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Published July 11, 2019
A weekly look at issues facing Wyoming business owners and entrepreneurs from the Wyoming Small Business Development Center (SBDC) Network, a collection of business assistance programs at the University of Wyoming.
By Bruce Morse, regional director, Wyoming SBDC Network
Billboard advertising can be very effective if it’s the right fit for your business and if it has been designed to be viewed by users traveling at high speeds. Because the billboard spot itself can be pricey, small businesses often can’t afford to also have a professional marketer do the design. Luckily, best practices for billboard design are easy to find on the internet via a simple Google search. Alternatively, you can study billboards on your next road trip. My most recent road trip through South Dakota had me doing just that, and here are some of my thoughts:
One town I drove through featured two billboards that seven or eight businesses went in on together. This is a creative solution to the cost of billboard advertising, and having two signs for repetition was another smart move. Unfortunately, both billboards were located about 150 feet off of the highway, and the business names were so small that it was almost impossible to read them all while driving the speed limit. This approach to collaborative outdoor advertising might be better for a billboard or sign located in a high-walking traffic area, so potential customers have time to stop and read each business name.
You won’t drive across South Dakota without knowing about Wall Drug and its 5-cent coffee or 6-foot rabbit. It’s evident that this company has a larger budget than most of us, but it uses it well by implementing catchy colors, minimal words, images and a clear business name. Additionally, it keeps these billboards looking new rather than leaving up ones that have faded over the years. Overall, Wall Drug is just a great example of leveraging this marketing piece to get the most bang for your buck.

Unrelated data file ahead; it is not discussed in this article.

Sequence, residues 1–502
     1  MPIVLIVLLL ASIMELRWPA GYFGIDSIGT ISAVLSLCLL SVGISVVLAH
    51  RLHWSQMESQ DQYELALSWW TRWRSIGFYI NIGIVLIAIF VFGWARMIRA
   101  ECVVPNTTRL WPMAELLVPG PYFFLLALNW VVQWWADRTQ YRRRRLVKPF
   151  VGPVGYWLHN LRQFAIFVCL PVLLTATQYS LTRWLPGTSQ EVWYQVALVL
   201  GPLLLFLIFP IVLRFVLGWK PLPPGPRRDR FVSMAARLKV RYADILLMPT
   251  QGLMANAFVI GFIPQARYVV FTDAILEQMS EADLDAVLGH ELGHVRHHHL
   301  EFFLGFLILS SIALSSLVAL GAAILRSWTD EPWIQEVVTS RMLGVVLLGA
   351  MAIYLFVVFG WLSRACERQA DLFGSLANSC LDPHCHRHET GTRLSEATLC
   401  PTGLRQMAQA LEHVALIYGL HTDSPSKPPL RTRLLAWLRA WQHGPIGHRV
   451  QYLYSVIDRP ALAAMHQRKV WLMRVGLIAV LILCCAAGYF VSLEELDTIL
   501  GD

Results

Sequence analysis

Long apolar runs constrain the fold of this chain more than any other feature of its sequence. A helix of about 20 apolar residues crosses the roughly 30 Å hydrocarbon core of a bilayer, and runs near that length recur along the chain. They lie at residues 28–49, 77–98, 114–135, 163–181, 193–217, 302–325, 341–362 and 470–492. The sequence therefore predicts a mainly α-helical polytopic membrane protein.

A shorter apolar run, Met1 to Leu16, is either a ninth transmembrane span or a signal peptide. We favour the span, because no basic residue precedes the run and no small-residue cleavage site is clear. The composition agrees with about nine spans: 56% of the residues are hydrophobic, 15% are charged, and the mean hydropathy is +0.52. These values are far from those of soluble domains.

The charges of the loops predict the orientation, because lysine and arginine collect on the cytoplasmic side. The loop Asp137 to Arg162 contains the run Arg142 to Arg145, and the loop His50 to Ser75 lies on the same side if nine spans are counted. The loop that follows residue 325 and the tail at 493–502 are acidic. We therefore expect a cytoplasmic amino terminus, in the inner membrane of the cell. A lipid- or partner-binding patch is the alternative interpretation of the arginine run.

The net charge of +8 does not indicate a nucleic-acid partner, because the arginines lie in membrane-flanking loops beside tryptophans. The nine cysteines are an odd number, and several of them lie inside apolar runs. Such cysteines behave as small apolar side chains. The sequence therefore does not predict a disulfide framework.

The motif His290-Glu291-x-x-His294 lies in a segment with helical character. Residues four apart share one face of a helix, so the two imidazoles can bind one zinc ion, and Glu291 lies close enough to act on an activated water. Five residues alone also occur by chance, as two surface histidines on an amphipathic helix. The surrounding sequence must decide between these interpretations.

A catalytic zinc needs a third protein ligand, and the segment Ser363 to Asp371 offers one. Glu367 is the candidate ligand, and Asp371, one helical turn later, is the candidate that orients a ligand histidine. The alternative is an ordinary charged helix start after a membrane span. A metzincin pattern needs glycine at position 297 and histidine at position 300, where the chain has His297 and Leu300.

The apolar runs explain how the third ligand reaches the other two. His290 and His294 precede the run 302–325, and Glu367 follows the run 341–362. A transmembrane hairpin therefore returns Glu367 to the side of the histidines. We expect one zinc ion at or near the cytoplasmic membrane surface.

Outdoor advertising might not be a good fit for your business -- or within your budget -- but clearly you need to market your business in some fashion. That might be social media, traditional sources (newspaper, radio and television), signage on your business or vehicle, or face-to-face with your potential customers.
If you are an entrepreneur interested in working on your marketing strategy, contact your local Wyoming SBDC Network adviser at www.wyomingsbdc.org for no-cost, confidential assistance.
The Wyoming SBDC Network offers business expertise to help Wyoming residents think about, launch, grow, reinvent or exit their businesses. The Wyoming SBDC Network is hosted by UW with state funds from the Wyoming Business Council and funded, in part, through a cooperative agreement with the U.S. Small Business Administration.
To ask a question, call 1-800-348-5194, email email@example.com, or write 1000 E. University Ave., Dept. 3922, Laramie, WY, 82071-3922.